Buying off the plans makes sense for first-time buyers
Often, first-time home buyers focus only on stand-alone homes with a bit of a garden and a garage. This selective view of property can mean people will be further away from the city centre, public transport, good restaurants and shopping. An affordable housing solution, either in or near coveted areas where a traditional home would be out of reach from a cost perspective, are apartments. This is especially true in places like Newmarket, Parnell, Ponsonby, the Wynyard Quarter or the CBD.
Buying off the plans could be for you!
When considering buying property for the first time, you should not overlook the option of buying off the plans. Not only would you get a brand new property built to the latest building codes, but the price is fixed at the time of purchase. You also get the opportunity to buy into an exciting new development or precinct. Tenants love new-builds, so buying off the plans is a great investment choice too.
However, not all developments are created equal and there are many options to consider. Think about how close you are to local amenities, cafes, shops and education providers. A good example of this is the Wynyard Quarter which is an exciting suburb close to all of the action and the CBD. This is especially true since the recent opening of the NZ$1billion retail precinct of Commercial Bay, just a short walk away.
Construction of 30 Madden Beaumont apartments by New Zealand property development and investment company Willis Bond, has just begun. The success of phase one where almost 100% were sold, makes it a great case study and proves that people are finding apartment-living in this precinct a great option. Investors, empty nesters, young families and professionals are now calling apartments home.
At a glance, when considering buying off the plans, these are the boxes you need to tick before you make a deposit:
- The size, quality, location, views and carparks.
- Experience and track record of the developer.
- Who is the main building contractor and what experience in apartment construction do they have.
- Make a list of must-haves. The larger the apartment in more desirable locations, the higher the price. Carparks are usually an additional cost.
- The quality of fixtures/fittings, wardrobes, floor finishings, balconies, parking and communal spaces.
- Make sure sound-proofing meets the minimum standards for New Zealand (has to meet the building code).
- Double-check the actual square metreage you will have. Remember this will include ‘waste space’ such as hallways and cupboards.
- Consider light sources. Will there be plenty of natural light? What about the sun?
- Think about your views now and in the future. Obviously the price will increase as the view gets better. Will your apartment be blocked by a future development?
- Thoroughly investigate the body corporate; check that the annual fees are realistic and will cover expected maintenance.
- Get good independent legal advice. Make sure there is a solicitor's approval clause in the contract, and if not, ask for it to be included.
- Ask about security features.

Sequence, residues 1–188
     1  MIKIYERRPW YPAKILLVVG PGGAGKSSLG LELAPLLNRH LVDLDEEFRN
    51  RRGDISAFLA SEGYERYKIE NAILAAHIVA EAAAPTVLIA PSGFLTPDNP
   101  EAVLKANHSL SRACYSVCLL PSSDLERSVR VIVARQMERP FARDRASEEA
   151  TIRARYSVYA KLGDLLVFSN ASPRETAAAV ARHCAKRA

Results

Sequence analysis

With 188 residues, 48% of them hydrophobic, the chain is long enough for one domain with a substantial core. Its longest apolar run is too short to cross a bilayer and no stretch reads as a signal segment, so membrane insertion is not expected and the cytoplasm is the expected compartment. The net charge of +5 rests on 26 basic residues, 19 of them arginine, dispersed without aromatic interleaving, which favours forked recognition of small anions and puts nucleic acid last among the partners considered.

So many reasons to look to apartments
Apartments often offer stunning views. Another reason to consider an apartment is the many amenities that you can enjoy such as pools, playgrounds, spas, gyms and more. Having this inside your building can save you money on monthly memberships and other fees. Often you will be closer to work, possibly even within walking distance or a short commute by bus or train.
How does apartment ownership differ from stand-alone?
It’s pretty simple. Traditionally, when you buy an apartment you will have unit title ownership. A unit title property means you own a defined part of a building and share ownership of common areas i.e. the lobby, stairwells or elevators, with other owners. You also own what are called ‘accessory units’ such as your car parks(s), your storage area or a private courtyard. Items like this must be specifically mentioned in the record of title.
How do things work with other owners?
As a unit title holder you automatically become a member of the building’s body corporate. Decisions about certain aspects of the units and common property are made by the owners, who work as a collective as part of the body corporate. The body corporate is responsible for a variety of financial, management and administrative decisions. Owners pay annual levies every year, so make sure you have a good understanding of the amounts before you buy. These fees enable the body corporate to fulfil its commitments to the unit title development. For example, the levy might cover maintenance, insurance and utility charges for common services or common areas.
With high-rise living there is not the same level of maintenance as a stand-alone home. There are no garden beds to tidy, gutters to clean, trees to prune or lawns to mow. Instead, you can spend your downtime doing what you really want to do. Plus, since most high-rises are of newer construction, you will have less mechanical, structural and plumbing problems than an older property.
Want to find out more about apartments in Auckland and Northland. Check out our current listings on our website.